Utilisation — How do we electrify DeFi? (pt. 2)
- Infinity Exchange is setting out to create a borrowing and lending protocol that always operates at 100% Utilisation.
- With this new mechanic, Infinity matches a quantity of lenders with the same quantity of borrowers.
- This mechanic ensures both lenders and borrowers get the best Interest rate possible.
In Part 1, we introduced the concept of Utilisation, its relationship with Interest rates, and the Goldilocks dilemma resulting in wide spreads that plague the current borrowing and lending primitives (DeFi 1.0). As a follow up, we discuss the inefficiencies (deadweight loss) resulting from uneven notional / principal matching protocols and explain how Infinity Exchange is going to revolutionize DeFi. This article accompanies (What is Utilisation — pt. 2).
Let’s start off by affirming the fundamental concept of Supply and Demand.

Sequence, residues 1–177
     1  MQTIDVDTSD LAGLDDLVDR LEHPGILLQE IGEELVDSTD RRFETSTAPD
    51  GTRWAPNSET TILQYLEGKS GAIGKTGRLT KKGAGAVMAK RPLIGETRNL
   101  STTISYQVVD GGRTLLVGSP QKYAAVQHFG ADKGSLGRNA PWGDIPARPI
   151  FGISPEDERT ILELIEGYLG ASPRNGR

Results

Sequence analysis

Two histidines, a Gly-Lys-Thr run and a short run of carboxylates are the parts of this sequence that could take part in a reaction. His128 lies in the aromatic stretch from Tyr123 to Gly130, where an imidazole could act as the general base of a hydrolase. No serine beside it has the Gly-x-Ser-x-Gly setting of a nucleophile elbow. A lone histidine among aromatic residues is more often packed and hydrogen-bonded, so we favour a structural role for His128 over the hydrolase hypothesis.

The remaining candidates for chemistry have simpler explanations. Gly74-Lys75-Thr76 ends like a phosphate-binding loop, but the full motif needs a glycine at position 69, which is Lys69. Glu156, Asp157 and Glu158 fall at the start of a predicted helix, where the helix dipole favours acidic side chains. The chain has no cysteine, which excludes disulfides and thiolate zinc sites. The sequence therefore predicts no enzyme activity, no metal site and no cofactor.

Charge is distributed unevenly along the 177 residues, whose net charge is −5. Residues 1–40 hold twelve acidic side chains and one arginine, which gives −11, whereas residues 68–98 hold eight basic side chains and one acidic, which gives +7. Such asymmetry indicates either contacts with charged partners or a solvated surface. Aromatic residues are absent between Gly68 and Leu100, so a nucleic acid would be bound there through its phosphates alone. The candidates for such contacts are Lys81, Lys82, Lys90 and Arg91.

If we plot a graph (screenshot from the video above), with
- ‘Y’ or vertical axis as the Price (i.e. Interest rate);
- ‘X’ or horizontal axis as the Quantity (i.e. Borrowers and Lenders);
- Upward sloping Supply (i.e. Lending) curve; and
- Downward sloping Demand (i.e. Borrowing) curve.
The point where the Supply and Demand curve ‘intersects’ (i.e. the circle in the middle of the graph) represents an equilibrium of Lending and Borrowing, where the notional and principal of lenders and borrowers would be matched / identical. From the above example, that would be a quantity of 100 at an Interest rate of 5%.
Recall from Part 1
- As Utilisation increases, Interest rate increases; and